DNS Forwarding Vs Recursion

Home » CentOS » DNS Forwarding Vs Recursion
CentOS 10 Comments

I have 2 CentOS servers that are both authoritative DNS for several domains and local resolvers. As configured, they are publicly visible resolvers, which I’ve known for awhile is not a good thing.

whats the appropriate way of configuring the bind on CentOS 5.current to not allow recursion on queries from the public side, but still allow recursion locally? is it as simple as adding allow-recursion{} with the appropriate private subnets and localhost to named.conf ?

10 thoughts on - DNS Forwarding Vs Recursion

  • Am 28.03.2013 um 19:29 schrieb John R Pierce :

    i would suggest to using view clauses to divide such configurations …

  • Am 29.03.2013 15:13, schrieb Leon Fauster:

    I think that’s overkill. allow-recursion{} is perfectly sufficient for this purpose. Views are only needed if you want to return different results for the same query from different clients, such as hiding internal addresses from external queriers.

  • I’m one of the original founders of Internet Security Systems, now part of IBM. I was a founder of the ISS X-Force and am still one of their
    “Senior Wizards” and a senior security researcher. However! I am not speaking for or on behalf or representing ISS or X-Force or IBM… I am writing, personally, as a professional “white hat hacker” and security researcher. This will be a bit of a long soap-box / tub thump.

    I love to believe in coincidences and I’m a firm believer in coincidences… But… The timing of your original post leads me to think otherwise. The fact that you say “looks like it’s working” tells me that you’re seeing something active on your network that makes me believe that this is not a coincidence.

    By any chance, might you have been one of the thousands of open resolvers that got caught up in the Spamhaus / Cyberbunker debacle of the last two weeks? Don’t bother to answer that and don’t worry about it if you were. If you were, you were only one (or a handful) out of thousands who were abused in this attack on Spamhaus. They all (you all) were, in turn, only a small fraction of the tens (or hundreds) of thousands of open resolvers present on the net, so you’re actually in good (large) company (unfortunately).

    The suggested solution will solve a (BIG) part of the problem. It WILL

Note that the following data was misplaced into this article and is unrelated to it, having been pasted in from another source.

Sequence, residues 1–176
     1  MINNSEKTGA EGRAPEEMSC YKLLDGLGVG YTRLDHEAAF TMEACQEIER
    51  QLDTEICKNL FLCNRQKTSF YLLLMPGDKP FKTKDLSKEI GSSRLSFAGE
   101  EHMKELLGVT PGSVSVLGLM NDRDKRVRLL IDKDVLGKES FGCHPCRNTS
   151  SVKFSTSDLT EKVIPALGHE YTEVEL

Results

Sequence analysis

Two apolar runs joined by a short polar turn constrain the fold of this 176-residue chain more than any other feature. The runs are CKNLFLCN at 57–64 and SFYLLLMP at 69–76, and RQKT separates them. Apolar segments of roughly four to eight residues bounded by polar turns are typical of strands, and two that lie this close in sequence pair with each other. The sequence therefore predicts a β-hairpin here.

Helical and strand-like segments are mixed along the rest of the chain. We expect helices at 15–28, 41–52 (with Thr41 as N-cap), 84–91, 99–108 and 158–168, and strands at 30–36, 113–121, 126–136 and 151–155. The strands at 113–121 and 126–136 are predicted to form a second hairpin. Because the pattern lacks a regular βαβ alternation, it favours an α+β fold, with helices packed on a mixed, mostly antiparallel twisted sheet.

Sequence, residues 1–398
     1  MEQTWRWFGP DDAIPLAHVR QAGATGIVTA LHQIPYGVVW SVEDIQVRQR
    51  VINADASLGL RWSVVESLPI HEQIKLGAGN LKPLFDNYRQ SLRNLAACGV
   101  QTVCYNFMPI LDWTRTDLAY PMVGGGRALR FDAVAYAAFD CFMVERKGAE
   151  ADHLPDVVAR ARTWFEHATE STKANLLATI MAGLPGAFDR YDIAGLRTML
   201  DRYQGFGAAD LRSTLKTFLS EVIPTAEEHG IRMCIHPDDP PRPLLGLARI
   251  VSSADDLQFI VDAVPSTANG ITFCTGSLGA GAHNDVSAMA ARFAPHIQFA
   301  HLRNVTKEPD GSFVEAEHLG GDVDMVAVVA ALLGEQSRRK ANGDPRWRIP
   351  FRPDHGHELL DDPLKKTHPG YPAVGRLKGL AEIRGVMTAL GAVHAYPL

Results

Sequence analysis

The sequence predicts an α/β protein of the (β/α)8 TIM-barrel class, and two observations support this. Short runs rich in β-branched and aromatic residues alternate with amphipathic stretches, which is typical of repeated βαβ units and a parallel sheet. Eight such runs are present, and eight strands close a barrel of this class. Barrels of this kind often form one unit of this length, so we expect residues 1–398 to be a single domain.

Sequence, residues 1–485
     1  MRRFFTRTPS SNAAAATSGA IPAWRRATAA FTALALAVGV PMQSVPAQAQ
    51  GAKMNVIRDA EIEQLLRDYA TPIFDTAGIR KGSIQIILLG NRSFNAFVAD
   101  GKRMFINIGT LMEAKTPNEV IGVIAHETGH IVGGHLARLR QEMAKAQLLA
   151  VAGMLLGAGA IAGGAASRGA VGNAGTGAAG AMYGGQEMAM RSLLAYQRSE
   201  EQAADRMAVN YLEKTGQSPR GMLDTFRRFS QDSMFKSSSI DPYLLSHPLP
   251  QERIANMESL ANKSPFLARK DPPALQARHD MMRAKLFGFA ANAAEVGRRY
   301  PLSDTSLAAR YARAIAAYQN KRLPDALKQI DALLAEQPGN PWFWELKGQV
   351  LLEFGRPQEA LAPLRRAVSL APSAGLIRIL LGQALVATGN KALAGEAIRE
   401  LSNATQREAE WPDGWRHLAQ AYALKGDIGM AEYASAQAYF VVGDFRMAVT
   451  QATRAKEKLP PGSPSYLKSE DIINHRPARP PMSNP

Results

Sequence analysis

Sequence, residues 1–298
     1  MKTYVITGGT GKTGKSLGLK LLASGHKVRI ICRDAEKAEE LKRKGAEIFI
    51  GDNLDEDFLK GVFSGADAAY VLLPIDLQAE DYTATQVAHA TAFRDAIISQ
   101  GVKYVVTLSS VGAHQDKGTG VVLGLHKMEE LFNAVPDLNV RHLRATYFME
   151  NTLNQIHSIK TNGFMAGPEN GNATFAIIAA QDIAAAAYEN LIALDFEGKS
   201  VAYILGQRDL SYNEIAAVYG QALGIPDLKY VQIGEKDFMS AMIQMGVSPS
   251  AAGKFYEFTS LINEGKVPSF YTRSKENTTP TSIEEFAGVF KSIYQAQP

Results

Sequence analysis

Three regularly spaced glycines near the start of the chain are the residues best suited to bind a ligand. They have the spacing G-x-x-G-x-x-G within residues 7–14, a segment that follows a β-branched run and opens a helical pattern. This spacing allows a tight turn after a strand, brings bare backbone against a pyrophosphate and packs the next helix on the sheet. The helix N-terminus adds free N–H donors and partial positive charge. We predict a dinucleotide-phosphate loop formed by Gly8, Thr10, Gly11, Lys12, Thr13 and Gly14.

solve the problem being exploited in the Spamhaus attack, that of abusing open resolvers in attacking others in a DNS resource amplification attack. Unfortunately, it does NOT solve the problem of someone attacking you exploiting your own resolvers against you.

    Resource amplification attacks like this utilize spoofed packets
    (packets spoofed to be “from” the actual target). The amplified payloads are the replies back to the spoofed addresses.

    Now, suppose someone has YOU in their crosshairs. They identify your resolvers (not really a major task – especially if you make the mistake of using your authoritative name servers as resolvers as well) and then proceed to spoof packets into your resolvers as if they were coming from your IP addresses. By the time the packets reach your resolvers, they have no way to tell if the source address is legitimate or not, and will match your recursion allow rules. It’s the the job of your security perimeter firewalls to filter local vrs foreign packets and on-session vrs unsolicited packets. Consequently, your resolvers will amplify that traffic (factor of 100 or more) and reflect it back to your internal network.

    It’s actually amusing how attackers can abuse the very nature of the DNS
    for this. They prime an authoritative name server with a MASSIVE
    payload and then spoof the first request into the target resolver for that resource. The resolver then caches it and then subsequent requests are served out of the resolver’s cache and doesn’t load down the attacker’s name servers further. So, he can then hit you with hundreds of thousands of spoofed requests delivering GB of data at his intended target (possibly you) having only serviced a single query request for a few K. Gotta love that for efficiency.